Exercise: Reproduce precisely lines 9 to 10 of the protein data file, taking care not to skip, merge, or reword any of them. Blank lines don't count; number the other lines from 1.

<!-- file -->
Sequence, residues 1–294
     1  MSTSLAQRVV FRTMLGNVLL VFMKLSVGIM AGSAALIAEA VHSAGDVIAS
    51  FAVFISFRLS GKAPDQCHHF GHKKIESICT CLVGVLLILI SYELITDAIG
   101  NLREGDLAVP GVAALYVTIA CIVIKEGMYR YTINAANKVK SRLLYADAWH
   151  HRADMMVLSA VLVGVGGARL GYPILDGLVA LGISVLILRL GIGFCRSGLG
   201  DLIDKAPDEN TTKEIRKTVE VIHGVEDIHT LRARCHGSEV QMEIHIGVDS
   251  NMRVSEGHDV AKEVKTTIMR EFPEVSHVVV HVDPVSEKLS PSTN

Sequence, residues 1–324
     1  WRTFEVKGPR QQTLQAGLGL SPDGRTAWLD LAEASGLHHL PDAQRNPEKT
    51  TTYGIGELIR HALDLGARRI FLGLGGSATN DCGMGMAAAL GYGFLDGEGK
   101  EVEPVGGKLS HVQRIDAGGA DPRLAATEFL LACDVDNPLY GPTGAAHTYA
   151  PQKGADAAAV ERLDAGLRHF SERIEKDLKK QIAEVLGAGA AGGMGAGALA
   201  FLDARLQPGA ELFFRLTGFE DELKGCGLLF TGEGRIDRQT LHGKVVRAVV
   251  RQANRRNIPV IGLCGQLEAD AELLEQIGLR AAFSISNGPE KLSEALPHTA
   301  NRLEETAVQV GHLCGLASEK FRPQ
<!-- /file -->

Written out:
     1  WRTFEVKGPR QQTLQAGLGL SPDGRTAWLD LAEASGLHHL PDAQRNPEKT
    51  TTYGIGELIR HALDLGARRI FLGLGGSATN DCGMGMAAAL GYGFLDGEGK